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Al fresco dining licences extended ahead of ‘great British summer’

Written by on 08/03/2021

Pubs, restaurants and cafes will be able to put tables on pavements for another year to help the hospitality industry recover.

Communities Secretary Robert Jenrick has sent a letter to English councils urging them to do “everything possible” to get ready for high streets to reopen when step two of the lockdown easing roadmap happens.

That includes extending measures introduced last year to allow pubs, restaurants and cafes to apply for a licence, costing a maximum of £100, to put removable furniture outside their venues on pavements.

Venues who applied for the licence before should not have to pay again or reapply, Mr Jenrick said.

A social distancing guidance sign on the pavement in Manchester city centre. Cities in northern England and other areas suffering a surge in Covid-19 cases may have pubs and restaurants temporarily closed to combat the spread of the virus.
Image: Robert Jenrick has urged councils to get high streets ready for a ‘great British summer’

Hospitality venues will be allowed to open outside areas from 12 April at the earliest, with six people from different households or a larger group from two households.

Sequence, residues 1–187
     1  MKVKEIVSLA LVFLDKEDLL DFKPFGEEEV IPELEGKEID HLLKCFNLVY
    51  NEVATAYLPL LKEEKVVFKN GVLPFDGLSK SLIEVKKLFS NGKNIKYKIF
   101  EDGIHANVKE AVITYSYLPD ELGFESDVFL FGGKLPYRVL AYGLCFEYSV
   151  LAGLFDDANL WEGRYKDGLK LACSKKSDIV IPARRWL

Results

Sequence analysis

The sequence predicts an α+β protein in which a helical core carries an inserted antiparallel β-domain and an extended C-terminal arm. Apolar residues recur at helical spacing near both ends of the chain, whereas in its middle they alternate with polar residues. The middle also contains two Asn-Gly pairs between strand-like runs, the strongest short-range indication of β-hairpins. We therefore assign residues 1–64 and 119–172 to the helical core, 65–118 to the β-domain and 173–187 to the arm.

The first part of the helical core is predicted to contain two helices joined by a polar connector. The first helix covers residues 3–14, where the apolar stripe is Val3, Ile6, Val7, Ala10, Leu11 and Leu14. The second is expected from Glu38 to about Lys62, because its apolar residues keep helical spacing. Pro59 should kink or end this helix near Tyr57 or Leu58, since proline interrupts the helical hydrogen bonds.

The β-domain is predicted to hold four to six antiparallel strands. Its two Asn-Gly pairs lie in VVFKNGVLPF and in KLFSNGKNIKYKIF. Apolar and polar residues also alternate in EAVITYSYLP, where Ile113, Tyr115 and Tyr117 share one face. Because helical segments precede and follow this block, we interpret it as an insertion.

When the speedy pavement licences were introduced last summer, local authorities were told they could grant them for a minimum of three months and up to 12 months or more, up to 30 September 2021.

The rule, which also includes a maximum five business day decision, will now be extended for a further 12 months until September 2022, Mr Jenrick said.

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Parliament still needs to approve the move but is expected to without issue.

UK Hospitality, which represents the industry, said it was “delighted” at the extension.

Mr Jenrick told councils other measures introduced last year will remain in place as restrictions are eased.

They are:

• Greater flexibility for land to be used for temporary events – such as markets and motorsports – for up to 56 days instead of the usual 28 without planning permission

• Outdoor markets, marquees, pop-up car boot sales or summer fairs will not need a planning application to go ahead

• Planning rules will continue to be relaxed to allow pubs and restaurants to operate as takeaways

The communities secretary said: “We’re all looking forward to seeing pubs, cafes and restaurants open again as we start to gear up for what should be a great British summer.

“Therefore, I’m delighted to announce an extension on temporary provisions for pavement licences for a further 12 months.

“This will give further certainty to businesses as they recover from the effects of the pandemic.”

 Sky News

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